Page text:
# 5. Geostrophic balance

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- 1276

Now that we have an understanding of the main forces acting on fluid parcels moving through the ocean and the atmosphere, we focus on how these forces impact the flows in the atmosphere and the ocean. In the horizontal momentum balance equations \((1.2a)\) and \((1.2b)\) in Section 1, the pressure gradient and Coriolis terms are almost always much larger than the other terms. Therefore, to a good approximation, there exists a balance between the pressure gradient and Coriolis forces named geostrophic balance:

\[\dfrac{\left(\frac{dp}{dx}\right)}{\rho}=f \times v \tag{5.1a}\]

\[\dfrac{\left(\frac{dp}{dy}\right)}{\rho}=-f \times u \tag{5.1b}\]

Geostrophic balance is arguably the most central concept in physical oceanography and dynamical meteorology. Although higher-order processes are responsible for all the interesting dynamics, it is important to realize that almost all large-scale flows in the atmosphere and ocean are in geostrophic balance to leading order. The only place where geostrophic balance never holds is at the Equator where there is no Coriolis force. A key feature of geostrophic balance is that rather than flowing from high to low pressure, the fluid actually moves parallel to lines of equal pressure (isobars). Viewing in the direction of the flow, low pressure is to the left and high pressure is to the right on the Northern Hemisphere (and vice versa in the Southern Hemisphere). This is illustrated in the weather map below (from the National Weather Service, Southern Region Headquarters).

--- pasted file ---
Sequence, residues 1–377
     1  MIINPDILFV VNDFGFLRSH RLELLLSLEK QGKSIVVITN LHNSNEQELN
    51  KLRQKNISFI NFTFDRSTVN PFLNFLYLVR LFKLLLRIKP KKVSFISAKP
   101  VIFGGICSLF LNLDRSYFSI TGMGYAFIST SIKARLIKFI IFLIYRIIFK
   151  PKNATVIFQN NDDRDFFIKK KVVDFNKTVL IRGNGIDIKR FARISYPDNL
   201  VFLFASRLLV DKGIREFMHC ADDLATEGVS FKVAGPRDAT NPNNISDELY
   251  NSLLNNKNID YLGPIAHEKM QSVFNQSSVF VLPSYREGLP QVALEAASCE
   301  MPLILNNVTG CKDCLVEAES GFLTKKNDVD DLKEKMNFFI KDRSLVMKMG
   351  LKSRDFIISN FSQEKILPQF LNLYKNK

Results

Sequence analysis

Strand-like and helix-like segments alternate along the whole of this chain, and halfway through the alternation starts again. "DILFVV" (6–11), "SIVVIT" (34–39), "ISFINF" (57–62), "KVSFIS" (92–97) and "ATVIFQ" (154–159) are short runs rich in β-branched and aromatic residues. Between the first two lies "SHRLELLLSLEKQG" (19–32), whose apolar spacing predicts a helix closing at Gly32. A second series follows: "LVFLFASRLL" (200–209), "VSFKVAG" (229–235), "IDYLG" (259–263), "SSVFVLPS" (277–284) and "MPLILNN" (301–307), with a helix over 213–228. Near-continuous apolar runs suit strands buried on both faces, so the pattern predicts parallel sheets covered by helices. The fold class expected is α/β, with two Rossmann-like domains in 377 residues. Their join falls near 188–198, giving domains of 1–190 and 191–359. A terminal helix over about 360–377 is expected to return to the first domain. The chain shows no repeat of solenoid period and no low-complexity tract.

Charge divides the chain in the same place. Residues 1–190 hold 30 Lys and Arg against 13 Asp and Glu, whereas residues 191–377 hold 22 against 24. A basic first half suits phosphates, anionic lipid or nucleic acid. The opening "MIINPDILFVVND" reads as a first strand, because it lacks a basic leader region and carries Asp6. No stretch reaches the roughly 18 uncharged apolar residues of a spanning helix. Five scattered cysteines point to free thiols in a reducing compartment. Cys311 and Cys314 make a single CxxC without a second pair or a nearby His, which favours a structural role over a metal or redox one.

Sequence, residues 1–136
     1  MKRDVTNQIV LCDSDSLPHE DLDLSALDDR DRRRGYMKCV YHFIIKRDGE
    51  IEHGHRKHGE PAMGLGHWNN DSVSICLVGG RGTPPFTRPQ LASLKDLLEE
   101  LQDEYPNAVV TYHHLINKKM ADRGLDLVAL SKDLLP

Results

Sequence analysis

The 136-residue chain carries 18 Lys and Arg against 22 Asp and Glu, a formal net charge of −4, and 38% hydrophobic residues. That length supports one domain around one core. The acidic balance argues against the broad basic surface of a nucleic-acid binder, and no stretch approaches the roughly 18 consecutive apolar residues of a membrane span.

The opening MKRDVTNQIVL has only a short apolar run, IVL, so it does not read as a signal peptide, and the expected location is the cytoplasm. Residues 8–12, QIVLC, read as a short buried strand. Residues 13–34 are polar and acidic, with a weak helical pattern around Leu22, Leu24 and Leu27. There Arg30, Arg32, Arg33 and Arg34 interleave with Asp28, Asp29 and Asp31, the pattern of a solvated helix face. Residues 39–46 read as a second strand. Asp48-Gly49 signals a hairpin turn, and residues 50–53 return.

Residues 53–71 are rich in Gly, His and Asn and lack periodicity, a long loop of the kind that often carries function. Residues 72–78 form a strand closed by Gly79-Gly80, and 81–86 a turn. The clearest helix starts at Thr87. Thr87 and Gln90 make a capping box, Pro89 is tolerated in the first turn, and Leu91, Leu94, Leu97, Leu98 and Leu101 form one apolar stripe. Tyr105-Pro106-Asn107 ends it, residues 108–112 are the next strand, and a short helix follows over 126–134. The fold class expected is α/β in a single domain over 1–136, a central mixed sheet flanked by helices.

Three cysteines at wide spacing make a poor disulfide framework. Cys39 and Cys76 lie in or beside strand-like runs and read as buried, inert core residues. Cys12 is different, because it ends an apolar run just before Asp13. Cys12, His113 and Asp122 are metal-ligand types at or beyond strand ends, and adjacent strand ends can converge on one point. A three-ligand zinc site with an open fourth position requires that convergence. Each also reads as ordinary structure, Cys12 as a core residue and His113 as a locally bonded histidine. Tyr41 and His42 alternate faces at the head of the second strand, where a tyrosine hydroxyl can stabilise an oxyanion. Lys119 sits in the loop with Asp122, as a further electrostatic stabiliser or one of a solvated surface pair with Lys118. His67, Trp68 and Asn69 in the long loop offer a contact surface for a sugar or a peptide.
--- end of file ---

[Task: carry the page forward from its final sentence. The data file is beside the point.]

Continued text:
To understand conceptually how geostrophic balance emerges, imagine a fluid parcel that starts accelerating due to a pressure gradient. As the parcel moves, it is deflected by the Coriolis force (see left panel below), until it flows parallel to the isobars and the pressure gradient and Coriolis force cancel each other (right panel below).

From the equations \((5.1a)\) and \((5.1b)\), it can easily be seen that \(u_g = -\dfrac{\left(\frac{dp}{dy}\right)}{f \times \rho}\) and \(v_g = \dfrac{\left(\frac{dp}{dx}\right)}{f \times \rho}\), with \(u_g\) and \(v_g\) the geostrophic velocities in the zonal and meridional directions, respectively. Thus, the geostrophic velocities increase with an increasing pressure gradient. Somewhat counterintuitively, geostrophic velocities decrease with increasing latitude, although the Coriolis force is stronger at higher latitudes. This is because with a weaker Coriolis force, the fluid is able to accelerate more under the influence of the pressure gradient force, before geostrophic equilibrium is reached.